Once again, there is no plan. The British government has no plan B on what Brexit would mean in terms of future UK-EU-relations; and the EU has no strategy on how to respond. All this leads to a fundamental question: can the EU reform itself?
Despite politicians’ vows to the contrary, the Strasbourg and Bratislava events left a strong impression that “plan A” is still the preferred default setting, even if a white book of ambitious reform initiatives is supposed to be put together by March 2017. And as usual, reflexively, more public largesse has been promised.
The president of the EU Commission put on the table free wireless internet for all by 2020, a total of €500 billion in “investment” spending, plus a €44 billion development fund for Africa. More modestly, the leader of the largest party group in the European Parliament proposed to hand out free internet rail tickets to young people.
A more radical idea, which many countries found highly controversial, was floated by the German and French governments: the establishment of a “common European armed force.” The first reactions were distinctly mixed. The leaders of the Baltic states wasted no time warning that the project could weaken the EU’s obligations to NATO. On the issues of refugees, migrants and economic governance, the Bratislava summit only ratified fundamental disagreements.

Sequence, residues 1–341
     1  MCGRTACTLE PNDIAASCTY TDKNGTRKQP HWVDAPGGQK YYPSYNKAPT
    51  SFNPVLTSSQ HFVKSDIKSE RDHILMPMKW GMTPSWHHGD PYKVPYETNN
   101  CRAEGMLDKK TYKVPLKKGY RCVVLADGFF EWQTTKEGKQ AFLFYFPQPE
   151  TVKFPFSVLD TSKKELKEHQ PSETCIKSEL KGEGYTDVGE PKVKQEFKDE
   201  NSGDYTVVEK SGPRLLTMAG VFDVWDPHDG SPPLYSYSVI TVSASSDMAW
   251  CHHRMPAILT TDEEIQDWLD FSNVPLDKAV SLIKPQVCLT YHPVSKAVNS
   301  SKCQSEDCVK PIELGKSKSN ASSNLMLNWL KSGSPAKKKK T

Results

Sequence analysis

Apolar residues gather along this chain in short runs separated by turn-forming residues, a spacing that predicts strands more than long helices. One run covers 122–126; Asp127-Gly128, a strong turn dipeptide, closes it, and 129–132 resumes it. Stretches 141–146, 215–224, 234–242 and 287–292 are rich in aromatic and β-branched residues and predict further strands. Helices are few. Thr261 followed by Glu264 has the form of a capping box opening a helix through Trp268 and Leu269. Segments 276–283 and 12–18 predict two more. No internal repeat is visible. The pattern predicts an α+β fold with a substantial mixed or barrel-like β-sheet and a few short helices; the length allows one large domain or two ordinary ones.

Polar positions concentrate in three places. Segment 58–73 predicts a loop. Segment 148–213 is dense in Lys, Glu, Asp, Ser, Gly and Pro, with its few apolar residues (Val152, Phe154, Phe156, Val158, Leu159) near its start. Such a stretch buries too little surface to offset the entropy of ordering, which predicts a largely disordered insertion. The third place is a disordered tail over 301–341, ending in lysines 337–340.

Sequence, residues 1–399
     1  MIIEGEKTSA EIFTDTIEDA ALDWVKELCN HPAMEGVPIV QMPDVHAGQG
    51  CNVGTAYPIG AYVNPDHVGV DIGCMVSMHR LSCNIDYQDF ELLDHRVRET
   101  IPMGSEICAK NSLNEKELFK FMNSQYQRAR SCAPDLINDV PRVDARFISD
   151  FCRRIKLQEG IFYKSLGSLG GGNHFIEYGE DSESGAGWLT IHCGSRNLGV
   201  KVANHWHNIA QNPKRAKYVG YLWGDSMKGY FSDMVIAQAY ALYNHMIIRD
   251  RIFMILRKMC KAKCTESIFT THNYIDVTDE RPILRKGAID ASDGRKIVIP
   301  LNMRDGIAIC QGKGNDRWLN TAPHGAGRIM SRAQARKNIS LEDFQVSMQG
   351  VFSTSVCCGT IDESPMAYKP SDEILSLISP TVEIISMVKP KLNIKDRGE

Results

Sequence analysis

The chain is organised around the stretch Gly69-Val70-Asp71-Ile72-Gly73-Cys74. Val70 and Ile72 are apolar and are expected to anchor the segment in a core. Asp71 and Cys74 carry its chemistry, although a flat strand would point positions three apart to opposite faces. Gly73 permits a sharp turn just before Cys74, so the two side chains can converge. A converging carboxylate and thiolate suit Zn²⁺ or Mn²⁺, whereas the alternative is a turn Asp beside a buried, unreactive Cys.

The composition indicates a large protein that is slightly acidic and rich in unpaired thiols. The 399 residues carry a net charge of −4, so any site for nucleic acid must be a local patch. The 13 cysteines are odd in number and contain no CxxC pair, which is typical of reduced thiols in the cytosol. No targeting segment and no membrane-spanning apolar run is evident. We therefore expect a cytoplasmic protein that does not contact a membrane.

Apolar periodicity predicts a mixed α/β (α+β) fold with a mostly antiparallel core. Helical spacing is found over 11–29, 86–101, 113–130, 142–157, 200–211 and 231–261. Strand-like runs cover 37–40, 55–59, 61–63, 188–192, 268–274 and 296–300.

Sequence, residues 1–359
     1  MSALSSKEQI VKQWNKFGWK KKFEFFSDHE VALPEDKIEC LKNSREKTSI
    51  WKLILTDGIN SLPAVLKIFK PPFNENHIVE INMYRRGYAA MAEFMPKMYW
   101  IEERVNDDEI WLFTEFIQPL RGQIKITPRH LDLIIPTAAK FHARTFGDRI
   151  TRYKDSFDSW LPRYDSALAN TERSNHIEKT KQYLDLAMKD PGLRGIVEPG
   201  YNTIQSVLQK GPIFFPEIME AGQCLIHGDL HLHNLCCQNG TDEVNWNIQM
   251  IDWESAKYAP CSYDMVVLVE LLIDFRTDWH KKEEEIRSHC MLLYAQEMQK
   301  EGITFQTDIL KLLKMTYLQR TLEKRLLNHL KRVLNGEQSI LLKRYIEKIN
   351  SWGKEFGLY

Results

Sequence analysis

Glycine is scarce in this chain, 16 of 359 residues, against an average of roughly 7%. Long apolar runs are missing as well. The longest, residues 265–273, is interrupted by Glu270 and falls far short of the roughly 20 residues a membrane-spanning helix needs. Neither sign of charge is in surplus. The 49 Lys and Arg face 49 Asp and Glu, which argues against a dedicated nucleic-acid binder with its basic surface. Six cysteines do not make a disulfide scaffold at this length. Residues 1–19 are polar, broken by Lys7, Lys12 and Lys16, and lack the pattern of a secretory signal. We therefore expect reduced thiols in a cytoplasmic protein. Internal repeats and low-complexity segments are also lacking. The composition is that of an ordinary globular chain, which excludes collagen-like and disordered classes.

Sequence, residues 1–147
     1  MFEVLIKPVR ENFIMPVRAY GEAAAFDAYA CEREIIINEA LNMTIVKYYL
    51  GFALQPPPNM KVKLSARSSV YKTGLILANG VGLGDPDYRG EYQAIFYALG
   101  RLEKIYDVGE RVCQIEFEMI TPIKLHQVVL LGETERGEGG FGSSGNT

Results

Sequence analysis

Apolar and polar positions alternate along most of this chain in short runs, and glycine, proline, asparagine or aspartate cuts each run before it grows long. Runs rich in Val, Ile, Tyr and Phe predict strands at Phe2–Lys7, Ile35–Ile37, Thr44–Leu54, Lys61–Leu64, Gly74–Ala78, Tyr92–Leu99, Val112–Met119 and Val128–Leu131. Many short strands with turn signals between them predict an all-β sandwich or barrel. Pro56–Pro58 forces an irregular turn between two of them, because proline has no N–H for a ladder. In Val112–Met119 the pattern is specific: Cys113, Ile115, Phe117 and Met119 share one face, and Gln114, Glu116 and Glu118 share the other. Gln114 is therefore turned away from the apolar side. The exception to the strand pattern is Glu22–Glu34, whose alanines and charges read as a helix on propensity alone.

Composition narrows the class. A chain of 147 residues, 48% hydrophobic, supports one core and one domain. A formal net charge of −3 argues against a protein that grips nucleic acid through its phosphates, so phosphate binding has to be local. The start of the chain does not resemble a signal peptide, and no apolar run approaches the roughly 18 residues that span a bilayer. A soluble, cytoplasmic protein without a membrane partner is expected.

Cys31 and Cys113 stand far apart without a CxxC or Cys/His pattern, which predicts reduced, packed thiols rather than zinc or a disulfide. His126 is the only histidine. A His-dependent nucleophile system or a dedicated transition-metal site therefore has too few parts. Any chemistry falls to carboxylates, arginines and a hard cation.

Italian Prime Minister Mario Renzi plainly stated that the Bratislava summit was a waste of time. “I’m not satisfied with solutions on economic policy and migration,” he told the press. This remark no doubt was aimed also at the Italian electorate, which votes later this year on crucial constitutional reforms on which Mr. Renzi has bet his political survival.
United States of Europe
European leaders obviously have no ready solutions to counter growing euroskepticism in France, Italy, Denmark, Netherlands, Hungary or Poland, to name just a few. To be sure, there are plans for “more” or better Europe in such important areas as securing the EU’s external borders, fighting terrorism or improving digital connectedness. But there is no “plan D” to address the fundamental call for democratic control and subsidiarity; and there is little the EU can do to overcome the economic stagnation and malaise in large parts of the continent.